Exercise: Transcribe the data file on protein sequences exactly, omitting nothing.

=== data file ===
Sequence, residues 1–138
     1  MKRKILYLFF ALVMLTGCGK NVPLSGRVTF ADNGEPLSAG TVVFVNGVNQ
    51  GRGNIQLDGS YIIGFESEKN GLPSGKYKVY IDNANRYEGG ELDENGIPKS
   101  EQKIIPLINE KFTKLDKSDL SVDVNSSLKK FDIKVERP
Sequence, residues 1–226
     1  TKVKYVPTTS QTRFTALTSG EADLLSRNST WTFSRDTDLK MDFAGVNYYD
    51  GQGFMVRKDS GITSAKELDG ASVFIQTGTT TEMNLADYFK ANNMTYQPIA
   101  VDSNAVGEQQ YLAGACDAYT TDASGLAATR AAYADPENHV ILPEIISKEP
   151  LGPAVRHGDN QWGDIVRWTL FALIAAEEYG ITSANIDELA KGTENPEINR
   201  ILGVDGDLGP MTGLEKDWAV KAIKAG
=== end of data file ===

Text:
Sequence, residues 1–138
     1  MKRKILYLFF ALVMLTGCGK NVPLSGRVTF ADNGEPLSAG TVVFVNGVNQ
    51  GRGNIQLDGS YIIGFESEKN GLPSGKYKVY IDNANRYEGG ELDENGIPKS
   101  EQKIIPLINE KFTKLDKSDL SVDVNSSLKK FDIKVERP
Sequence, residues 1–226
     1  TKVKYVPTTS QTRFTALTSG EADLLSRNST WTFSRDTDLK MDFAGVNYYD
    51  GQGFMVRKDS GITSAKELDG ASVFIQTGTT TEMNLADYFK ANNMTYQPIA
   101  VDSNAVGEQQ YLAGACDAYT TDASGLAATR AAYADPENHV ILPEIISKEP
   151  LGPAVRHGDN QWGDIVRWTL FALIAAEEYG ITSANIDELA KGTENPEINR
   201  ILGVDGDLGP MTGLEKDWAV KAIKAG